However, the second parts of these novels indicate otherwise. As a not-dead Amy reveals in Gone Girl's second half, her entire diary is a ruse, meticulously researched to correspond with important dates, and left in a place where the police can easily find it. Brilliant, sociopathic Amy intentionally uses the social construct of diary writings to create an irrefutable condemnation of her husband - after all, why would Amy lie in her own diary? No one else is supposed to read it!

Amy's mere existence reveals the lie behind her epistolary identity. She's not the naive, optimistic, sheltered victim with an abusive husband as depicted in her diary - instead, she's a monstrously vindictive genius with both the will and the intelligence to punish those who scorn her in truly horrifying ways.

The second half of Code Name Verity is a little more uplifting - well, okay, not uplifting. Queenie dies, after all - and at Maddie's hand, to protect her from being maimed and dragged off to a concentration camp for experimentation. However, after Queenie's death, Maddie gets her hands on her written confession.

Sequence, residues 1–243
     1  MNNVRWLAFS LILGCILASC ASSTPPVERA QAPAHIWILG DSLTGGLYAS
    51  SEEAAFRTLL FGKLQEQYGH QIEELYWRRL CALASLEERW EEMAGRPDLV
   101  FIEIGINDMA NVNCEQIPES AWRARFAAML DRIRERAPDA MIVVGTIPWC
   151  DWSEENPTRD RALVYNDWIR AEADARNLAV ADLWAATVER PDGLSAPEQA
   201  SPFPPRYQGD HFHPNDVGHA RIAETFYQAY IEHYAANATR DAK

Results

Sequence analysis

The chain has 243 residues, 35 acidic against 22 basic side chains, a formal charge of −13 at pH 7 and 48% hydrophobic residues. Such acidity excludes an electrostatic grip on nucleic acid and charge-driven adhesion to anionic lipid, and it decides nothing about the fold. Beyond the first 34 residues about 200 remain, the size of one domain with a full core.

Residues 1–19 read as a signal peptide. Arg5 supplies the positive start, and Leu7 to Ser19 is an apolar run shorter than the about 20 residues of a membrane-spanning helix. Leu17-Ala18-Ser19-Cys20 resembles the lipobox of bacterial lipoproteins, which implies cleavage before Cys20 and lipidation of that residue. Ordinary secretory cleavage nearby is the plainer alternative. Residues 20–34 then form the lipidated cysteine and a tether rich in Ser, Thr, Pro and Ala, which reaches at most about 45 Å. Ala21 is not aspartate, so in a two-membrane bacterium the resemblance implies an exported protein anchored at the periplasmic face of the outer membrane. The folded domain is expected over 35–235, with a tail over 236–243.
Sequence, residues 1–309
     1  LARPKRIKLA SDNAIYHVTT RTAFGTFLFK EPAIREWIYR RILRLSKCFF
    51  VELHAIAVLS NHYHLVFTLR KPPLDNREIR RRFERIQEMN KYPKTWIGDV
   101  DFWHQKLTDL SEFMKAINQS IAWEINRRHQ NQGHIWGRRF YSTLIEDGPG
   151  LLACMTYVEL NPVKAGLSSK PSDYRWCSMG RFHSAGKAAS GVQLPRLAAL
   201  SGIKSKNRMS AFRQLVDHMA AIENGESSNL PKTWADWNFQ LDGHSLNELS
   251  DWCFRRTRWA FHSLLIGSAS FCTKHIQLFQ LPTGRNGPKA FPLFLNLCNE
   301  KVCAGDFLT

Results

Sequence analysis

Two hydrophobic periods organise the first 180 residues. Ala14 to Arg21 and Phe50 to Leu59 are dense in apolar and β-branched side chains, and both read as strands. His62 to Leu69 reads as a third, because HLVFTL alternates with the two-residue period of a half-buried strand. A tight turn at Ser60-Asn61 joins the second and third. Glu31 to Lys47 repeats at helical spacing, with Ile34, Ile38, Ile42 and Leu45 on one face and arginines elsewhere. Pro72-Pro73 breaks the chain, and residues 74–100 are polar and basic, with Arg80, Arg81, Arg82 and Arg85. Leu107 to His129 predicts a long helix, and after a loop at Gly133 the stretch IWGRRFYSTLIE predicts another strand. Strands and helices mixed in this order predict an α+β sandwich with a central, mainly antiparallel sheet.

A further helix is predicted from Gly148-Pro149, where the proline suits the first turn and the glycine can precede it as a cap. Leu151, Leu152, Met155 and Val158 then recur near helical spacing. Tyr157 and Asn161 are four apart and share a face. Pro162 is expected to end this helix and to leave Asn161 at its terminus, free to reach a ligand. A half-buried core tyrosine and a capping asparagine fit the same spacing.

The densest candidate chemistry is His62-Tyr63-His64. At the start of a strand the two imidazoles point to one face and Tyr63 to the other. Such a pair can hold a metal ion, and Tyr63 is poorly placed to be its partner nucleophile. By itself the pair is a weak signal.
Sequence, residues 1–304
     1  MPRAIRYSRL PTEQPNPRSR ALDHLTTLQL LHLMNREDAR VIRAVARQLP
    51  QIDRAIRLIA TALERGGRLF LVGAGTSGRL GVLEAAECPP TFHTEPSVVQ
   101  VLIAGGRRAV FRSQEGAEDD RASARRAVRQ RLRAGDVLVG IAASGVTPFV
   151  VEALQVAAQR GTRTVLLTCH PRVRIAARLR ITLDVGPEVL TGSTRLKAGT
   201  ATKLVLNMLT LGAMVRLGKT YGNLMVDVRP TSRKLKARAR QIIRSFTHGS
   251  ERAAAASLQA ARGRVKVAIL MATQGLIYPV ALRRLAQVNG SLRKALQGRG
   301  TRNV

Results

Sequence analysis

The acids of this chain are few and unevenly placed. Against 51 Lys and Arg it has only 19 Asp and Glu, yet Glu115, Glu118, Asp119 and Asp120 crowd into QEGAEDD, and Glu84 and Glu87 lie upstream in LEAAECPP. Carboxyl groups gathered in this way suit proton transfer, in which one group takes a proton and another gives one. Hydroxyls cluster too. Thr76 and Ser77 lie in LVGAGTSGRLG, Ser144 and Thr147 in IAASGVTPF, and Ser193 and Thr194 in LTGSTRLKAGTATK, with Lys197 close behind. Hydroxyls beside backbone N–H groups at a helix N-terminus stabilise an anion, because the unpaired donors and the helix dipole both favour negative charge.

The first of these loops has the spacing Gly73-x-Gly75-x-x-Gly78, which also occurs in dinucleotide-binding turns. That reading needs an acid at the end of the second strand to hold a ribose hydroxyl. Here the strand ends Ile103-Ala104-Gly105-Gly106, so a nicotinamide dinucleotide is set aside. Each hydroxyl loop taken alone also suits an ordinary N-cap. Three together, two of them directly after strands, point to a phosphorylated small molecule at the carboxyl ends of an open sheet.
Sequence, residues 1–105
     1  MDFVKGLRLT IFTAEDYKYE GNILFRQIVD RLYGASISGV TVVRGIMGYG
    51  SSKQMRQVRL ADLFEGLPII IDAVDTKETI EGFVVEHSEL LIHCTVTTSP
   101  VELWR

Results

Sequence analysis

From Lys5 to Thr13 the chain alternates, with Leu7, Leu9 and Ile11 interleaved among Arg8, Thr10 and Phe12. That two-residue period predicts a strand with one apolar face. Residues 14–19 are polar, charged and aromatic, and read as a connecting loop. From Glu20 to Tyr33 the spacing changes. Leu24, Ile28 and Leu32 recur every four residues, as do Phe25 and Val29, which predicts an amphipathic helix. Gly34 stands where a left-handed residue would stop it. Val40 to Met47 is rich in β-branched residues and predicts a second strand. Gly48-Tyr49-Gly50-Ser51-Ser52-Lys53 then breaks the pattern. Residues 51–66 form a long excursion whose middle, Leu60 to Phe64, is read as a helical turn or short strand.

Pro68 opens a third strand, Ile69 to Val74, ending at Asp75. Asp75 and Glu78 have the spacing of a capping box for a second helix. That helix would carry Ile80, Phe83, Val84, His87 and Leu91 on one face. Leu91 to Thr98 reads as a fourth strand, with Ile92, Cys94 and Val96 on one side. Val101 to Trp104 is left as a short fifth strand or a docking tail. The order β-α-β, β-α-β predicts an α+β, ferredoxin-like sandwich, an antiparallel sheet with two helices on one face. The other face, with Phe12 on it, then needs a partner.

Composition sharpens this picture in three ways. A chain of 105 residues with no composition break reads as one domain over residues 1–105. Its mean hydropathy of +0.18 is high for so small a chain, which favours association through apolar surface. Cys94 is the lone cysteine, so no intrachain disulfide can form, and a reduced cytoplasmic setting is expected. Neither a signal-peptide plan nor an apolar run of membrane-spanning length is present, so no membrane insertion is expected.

Only then do we discover Queenie's true identity - that of Lady Julia Beaufort-Stewart, or "Julie," as Maddie calls her. Just as Amy's diary was an intentional construction intended to fool the police, so was Queenie's "cowardly" confession intended to fool the Gestapo, delay her execution, and help the Allies. Those eleven wireless codes she gave up in return for a sweater and a blanket? Fake. The names and locations of the airfields in her reminiscences? Made-up and incorrect. Those weird lined passages and strange combinations of letters and numbers at the start of every chapter? Codes allowing the Resistance to sneak past Nazi security and take over the prison.